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Paul Cézanne, Bouilloire et Fruits, ca. 1890
Paul Cézanne, Bouilloire et Fruits, ca. 1890


Aug. 24, 2011

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Michael Bakwin, the victim of a more than 30-year-old residential art theft in Massachusetts -- the largest in the state’s history – has been awarded $3.1 million in a civil suit against the man who harbored six paintings stolen from Bakwin’s Berkshires home in 1978, the Boston Globe reports. Robert Mardirosian, a retired lawyer, was convicted and sentenced to seven years in prison in 2008 for possession of the works, which included a Paul Cézanne and two works by artist Jean Jansems.

Investigators believe Mardirosian purchased the paintings in 1978 from his client, David Colvin, who was never charged with the crime because he was shot and killed the following year, apparently over a $1,500 poker debt. Mardirosian then hung onto the paintings for two decades before transporting them to a Swiss bank and ultimately London, where he tried to sell them. There the local Art Loss Register discovered that the works were stolen.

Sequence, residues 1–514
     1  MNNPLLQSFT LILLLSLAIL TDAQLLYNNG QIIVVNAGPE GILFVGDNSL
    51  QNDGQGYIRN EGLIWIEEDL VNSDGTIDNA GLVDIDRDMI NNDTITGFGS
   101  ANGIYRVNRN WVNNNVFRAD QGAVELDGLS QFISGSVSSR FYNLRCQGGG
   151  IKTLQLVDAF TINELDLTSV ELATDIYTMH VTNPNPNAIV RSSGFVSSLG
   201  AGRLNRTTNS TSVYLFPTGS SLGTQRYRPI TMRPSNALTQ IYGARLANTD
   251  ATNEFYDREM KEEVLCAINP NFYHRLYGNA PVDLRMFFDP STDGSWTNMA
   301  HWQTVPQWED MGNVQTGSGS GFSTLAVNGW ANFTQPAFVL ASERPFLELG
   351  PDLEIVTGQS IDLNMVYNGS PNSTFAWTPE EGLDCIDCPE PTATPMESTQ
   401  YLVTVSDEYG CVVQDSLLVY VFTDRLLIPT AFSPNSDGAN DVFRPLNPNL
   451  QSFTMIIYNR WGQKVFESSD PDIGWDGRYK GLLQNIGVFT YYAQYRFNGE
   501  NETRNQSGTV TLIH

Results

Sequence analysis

The $3 million compensates Bakwin for costs he incurred tracking down the missing paintings. But that’s nothing compared to the reward of the returned paintings, one of which, the Cézanne still life Bouilloire et Fruits, ca. 1890, fetched him $29.3 million alone at Sotheby’s in 1999.

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